The private pilot reported that the accident flight was the Mooney M20E’s first flight after being painted.
After completing a preflight inspection, he started the engine and observed a decrease in power.
He leaned the mixture slightly, and the engine rpm returned to normal idle speed. He reported that during the engine run-up, he noticed that the engine had a delayed response when he increased the throttle, but that the run-up otherwise revealed no anomalies.
The pilot said the takeoff roll took longer than expected, and after lifting off near the end of the runway, the airplane climbed more slowly than normal.
He said that during the initial climb, engine power had decreased to 2,000 rpm. As the airplane reached about 100′ above ground level, the engine was producing about 1,800 rpm and could not maintain a climb.
The pilot elected to continue straight ahead rather than return to the runway at the airport in Corona, California, and the airplane subsequently descended into trees.
A post-accident examination revealed no anomalies with the airframe or engine that would have precluded normal operation. The reason for the partial loss of engine power was not determined.
Probable cause: A partial loss of engine power during initial climb for reasons that could not be determined based on available information. Contributing to the accident was the pilot’s decision to conduct the takeoff with observed engine deficiencies.
NTSB Identification: WPR16LA039
This December 2015 accident report is provided by the National Transportation Safety Board. Published as an educational tool, it is intended to help pilots learn from the misfortunes of others.
The only way for a SE airplane to get into the air and continue with a normal climbout is if that engine is producing sufficient power to pull/push the airplane along at or above minimum flying speed. Runups are done for but one reason, i.e. to ensure the engine is operating normally and shows no signs, NONE, of a potential problem that might negatively affect the airplane safely taking off. There were several indications in this case that the airplane would not be ensured of a safe takeoff and climb out with the final sign being the runway used to reach takeoff speed. 70% of takeoff speed reached within 50% of expected takeoff distance is the rule of thumb. If not, power to idle and mash on the binders as necessary to prevent an overrun. This pilot was hoping the airplane would fly but it couldn’t and it told him so several times.
Engine power is one of the items where the « if there’s a doubt, there’s no doubt “ rule applies.
I hope the pilot didn’t pay with his life for not knowing that rule.
Warren Webb Jr says
Agree with all comments. This one is quite baffling. However, maybe he always relied only on the runup for checking the engine. As written above, the engine power was apparently normal after a delayed response so did that result in a hard decision to launch. However the takeoff roll clearly showed a huge problem. Lifting off near the end of the runway? A 3200ft runway, about three times the normal takeoff roll. Halfway through the normal takeoff roll distance (about 500ft) it should have been obvious that flight would not have been possible. None of the engine instruments, nor the noise level, mean anything if the airplane will not reach anywhere near rotation airspeed at the correct point on the runway (about 1000ft). Hopefully he will do this performance check in the future.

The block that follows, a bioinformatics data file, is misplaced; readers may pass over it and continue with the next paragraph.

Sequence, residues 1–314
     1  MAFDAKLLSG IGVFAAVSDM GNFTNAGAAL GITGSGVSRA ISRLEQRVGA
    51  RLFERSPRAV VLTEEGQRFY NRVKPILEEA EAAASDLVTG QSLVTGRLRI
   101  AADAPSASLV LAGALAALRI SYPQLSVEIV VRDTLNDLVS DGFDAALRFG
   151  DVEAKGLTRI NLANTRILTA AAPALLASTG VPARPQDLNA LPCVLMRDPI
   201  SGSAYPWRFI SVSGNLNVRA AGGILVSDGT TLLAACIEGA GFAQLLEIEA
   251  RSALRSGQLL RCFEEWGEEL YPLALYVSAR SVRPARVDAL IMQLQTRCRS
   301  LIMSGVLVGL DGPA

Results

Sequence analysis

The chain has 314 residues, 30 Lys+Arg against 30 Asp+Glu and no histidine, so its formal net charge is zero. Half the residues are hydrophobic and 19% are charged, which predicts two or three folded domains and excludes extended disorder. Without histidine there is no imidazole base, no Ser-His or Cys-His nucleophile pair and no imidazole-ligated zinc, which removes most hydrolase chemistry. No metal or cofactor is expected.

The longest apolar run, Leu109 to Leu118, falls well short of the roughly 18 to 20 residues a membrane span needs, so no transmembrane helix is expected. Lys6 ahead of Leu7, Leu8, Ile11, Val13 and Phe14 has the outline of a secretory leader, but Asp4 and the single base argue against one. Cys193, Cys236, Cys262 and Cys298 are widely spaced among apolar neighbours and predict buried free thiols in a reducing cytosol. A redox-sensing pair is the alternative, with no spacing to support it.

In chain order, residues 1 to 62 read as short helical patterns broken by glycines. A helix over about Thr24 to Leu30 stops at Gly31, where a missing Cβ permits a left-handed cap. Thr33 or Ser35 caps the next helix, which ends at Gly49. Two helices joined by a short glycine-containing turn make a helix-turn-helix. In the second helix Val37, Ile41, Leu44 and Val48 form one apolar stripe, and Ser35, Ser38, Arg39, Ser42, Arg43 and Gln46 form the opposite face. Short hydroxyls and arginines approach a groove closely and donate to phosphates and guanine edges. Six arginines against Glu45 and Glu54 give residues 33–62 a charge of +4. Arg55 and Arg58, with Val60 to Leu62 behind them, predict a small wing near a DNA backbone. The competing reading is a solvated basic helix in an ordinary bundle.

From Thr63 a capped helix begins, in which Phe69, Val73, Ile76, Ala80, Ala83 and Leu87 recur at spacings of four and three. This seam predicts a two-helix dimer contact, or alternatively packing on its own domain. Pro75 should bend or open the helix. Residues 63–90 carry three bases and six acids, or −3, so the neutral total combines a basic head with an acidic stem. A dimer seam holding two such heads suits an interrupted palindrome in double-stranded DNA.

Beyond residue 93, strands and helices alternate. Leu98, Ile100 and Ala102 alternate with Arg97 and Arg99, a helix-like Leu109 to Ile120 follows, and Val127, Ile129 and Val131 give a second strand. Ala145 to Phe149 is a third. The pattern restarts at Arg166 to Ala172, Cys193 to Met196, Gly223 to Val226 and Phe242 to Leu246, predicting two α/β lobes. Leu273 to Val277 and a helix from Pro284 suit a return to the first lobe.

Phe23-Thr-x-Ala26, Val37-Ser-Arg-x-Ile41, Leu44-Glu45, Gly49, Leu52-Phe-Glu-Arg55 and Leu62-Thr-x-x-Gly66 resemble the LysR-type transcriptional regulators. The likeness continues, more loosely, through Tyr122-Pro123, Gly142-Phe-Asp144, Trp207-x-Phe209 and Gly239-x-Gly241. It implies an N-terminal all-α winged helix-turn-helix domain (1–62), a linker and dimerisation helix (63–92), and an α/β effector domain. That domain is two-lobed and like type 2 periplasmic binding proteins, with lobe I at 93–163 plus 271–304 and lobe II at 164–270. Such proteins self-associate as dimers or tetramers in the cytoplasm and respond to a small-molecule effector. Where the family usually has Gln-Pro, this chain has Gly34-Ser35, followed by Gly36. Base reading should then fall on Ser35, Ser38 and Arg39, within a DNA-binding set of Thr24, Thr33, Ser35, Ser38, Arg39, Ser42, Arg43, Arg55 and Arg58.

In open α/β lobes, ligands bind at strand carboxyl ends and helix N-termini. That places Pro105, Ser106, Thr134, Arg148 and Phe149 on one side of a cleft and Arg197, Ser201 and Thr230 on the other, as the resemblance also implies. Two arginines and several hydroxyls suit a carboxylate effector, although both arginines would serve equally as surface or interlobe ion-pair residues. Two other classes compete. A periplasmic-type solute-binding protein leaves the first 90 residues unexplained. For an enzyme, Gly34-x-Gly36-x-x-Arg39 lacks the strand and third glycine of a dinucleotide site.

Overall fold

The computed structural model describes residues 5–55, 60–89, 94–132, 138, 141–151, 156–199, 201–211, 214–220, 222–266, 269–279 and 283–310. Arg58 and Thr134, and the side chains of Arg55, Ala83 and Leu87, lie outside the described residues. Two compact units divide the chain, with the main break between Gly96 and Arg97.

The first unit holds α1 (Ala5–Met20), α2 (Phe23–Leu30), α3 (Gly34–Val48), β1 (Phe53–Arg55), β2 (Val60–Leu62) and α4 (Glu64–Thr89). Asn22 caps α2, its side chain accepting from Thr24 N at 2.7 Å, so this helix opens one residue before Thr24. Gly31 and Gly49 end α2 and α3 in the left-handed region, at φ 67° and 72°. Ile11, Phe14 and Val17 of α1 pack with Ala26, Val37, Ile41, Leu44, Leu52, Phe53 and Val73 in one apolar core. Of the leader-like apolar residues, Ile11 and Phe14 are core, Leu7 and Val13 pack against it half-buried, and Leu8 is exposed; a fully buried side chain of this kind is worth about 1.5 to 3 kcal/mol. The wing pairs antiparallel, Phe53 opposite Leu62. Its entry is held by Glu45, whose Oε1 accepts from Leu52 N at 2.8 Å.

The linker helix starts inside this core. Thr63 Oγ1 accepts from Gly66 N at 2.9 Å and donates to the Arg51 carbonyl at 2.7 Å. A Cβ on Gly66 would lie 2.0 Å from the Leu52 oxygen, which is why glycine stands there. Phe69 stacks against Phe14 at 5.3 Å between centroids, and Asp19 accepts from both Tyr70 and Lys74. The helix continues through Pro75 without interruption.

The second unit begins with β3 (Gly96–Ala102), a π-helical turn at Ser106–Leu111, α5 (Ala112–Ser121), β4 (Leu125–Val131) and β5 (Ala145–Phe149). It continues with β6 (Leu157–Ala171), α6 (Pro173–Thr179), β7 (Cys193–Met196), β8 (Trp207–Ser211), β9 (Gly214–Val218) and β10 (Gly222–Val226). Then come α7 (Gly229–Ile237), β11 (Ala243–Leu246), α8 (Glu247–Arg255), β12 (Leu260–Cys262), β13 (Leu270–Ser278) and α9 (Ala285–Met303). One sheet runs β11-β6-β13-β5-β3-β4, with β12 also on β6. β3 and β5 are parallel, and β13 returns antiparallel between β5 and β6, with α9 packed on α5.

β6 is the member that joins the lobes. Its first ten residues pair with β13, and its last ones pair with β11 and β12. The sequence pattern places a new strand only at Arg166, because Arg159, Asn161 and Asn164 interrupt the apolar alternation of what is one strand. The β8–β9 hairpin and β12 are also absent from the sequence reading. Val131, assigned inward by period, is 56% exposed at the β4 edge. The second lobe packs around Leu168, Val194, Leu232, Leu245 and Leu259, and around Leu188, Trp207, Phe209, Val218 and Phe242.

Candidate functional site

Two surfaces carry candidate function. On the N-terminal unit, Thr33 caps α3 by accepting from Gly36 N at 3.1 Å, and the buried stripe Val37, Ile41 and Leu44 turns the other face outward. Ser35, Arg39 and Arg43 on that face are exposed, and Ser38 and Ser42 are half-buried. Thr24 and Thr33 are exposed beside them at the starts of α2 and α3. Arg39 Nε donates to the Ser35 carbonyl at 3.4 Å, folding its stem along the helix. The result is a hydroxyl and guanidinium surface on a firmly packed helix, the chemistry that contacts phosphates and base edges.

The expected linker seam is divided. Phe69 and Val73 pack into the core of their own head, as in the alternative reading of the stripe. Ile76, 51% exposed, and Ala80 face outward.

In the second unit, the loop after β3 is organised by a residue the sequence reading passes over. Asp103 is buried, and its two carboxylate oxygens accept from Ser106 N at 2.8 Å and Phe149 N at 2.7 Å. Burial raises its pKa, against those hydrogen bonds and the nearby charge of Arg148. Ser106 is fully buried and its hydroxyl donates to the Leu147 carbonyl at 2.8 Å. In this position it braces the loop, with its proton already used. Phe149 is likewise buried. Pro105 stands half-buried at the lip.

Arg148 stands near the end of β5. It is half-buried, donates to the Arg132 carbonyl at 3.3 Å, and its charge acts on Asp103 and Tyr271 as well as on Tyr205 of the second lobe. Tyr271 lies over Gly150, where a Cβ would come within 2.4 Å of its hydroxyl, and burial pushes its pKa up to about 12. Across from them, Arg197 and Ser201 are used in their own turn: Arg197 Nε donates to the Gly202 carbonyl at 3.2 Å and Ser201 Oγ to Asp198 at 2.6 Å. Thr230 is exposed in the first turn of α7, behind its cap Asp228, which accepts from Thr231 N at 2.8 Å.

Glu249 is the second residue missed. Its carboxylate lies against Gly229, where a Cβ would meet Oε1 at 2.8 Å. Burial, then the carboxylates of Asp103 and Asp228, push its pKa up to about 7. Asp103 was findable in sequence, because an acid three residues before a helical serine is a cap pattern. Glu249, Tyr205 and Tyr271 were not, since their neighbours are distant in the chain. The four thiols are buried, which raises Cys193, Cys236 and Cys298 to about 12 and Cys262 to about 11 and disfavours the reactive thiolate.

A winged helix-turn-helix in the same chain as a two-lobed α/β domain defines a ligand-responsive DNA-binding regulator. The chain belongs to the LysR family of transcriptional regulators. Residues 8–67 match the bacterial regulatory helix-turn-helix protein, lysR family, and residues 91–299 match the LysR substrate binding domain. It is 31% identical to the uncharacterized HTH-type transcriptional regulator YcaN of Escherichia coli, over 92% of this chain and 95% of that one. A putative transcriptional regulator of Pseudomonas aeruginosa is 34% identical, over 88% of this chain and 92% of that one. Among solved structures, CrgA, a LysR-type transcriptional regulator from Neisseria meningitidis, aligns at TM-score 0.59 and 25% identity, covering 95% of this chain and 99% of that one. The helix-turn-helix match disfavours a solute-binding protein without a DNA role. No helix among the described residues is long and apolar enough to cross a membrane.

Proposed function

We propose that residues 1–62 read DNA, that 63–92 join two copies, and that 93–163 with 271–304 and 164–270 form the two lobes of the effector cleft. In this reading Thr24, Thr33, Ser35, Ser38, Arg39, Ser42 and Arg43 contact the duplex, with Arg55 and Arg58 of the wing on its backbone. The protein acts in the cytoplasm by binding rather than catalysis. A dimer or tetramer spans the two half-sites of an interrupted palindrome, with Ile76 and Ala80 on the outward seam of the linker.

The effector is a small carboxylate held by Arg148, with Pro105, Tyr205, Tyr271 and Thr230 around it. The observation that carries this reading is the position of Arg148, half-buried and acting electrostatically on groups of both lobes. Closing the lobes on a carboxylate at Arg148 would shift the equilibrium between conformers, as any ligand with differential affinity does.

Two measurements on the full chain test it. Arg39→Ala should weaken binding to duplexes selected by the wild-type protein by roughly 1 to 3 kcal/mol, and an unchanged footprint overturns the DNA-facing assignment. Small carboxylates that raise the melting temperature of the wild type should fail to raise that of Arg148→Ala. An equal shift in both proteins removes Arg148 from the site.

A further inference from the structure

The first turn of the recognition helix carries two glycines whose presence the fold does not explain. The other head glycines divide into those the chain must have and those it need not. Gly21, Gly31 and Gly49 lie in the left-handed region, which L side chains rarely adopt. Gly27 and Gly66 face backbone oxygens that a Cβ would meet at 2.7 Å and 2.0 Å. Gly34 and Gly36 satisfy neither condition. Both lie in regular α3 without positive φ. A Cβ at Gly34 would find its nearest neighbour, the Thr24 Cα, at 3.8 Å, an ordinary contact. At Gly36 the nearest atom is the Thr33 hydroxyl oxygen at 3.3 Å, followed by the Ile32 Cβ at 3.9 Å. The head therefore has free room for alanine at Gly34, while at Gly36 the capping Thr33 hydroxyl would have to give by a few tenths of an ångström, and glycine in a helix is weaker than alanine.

Sarah A says
I have been told by someone wiser than me that if it does not work perfectly on the ground. it is unlikely to work any better in the air. Too bad this pilot never received that bit of advice.
Stu Brown says
How many signs does a person need to not attempt a takeoff? All this guy did was confirm there is a problem and he went anyway. Sad…….
It never ceases to amaze me the poor decisions people will make when their lives hang in the balance.
Runup isn’t done because some instructor back in the day taught you to do a runup. If you notice ANYTHING during runup don’t fly.
Howard Fischer says
Why would you continue on if the engine did not come up to power?
Wylbur Wrong says
First flight after painting and the engine was not responding correctly to throttle settings. NO, this is an immediate abort of take-off. I would have left the run up area via the taxi-way not the runway.
I would suspect painting related contamination of the air intake system. That reducing the mixture caused the engine to gain power… Then when it was only producing 1800, the LAST thing you want to do is mixture to full. It has already exhibited an excessively rich mixture problem, from my point of view here in my armchair. And if so equipped, I would have opened the ALT-AIR to try to solve this problem, if I had gotten off the ground. And I would have retracted the gear, one doesn’t need the drag (having a loss of power problem in a complex plane right after departure).
So to answer your question, in this case, I would not continue this flight. I would, instead, have an A&P (if I were not one) take the cowling off and start looking for the reason this engine could not develop and maintain full power.
And, given what the pilot had said, the examining people didn’t list an examination of the air intake system. We do not know if there was or was not any contamination of the air filter with paint, thinner, or tape. The same holds true of the Mooney Ram air (I’m not sure if this one had that) system having been taped shut. Or any other indication of restrictions to the air intake system.
Yet what the pilot reported sure seems to me that the engine was running rich. But not rich enough, long enough for it to show up on the plugs.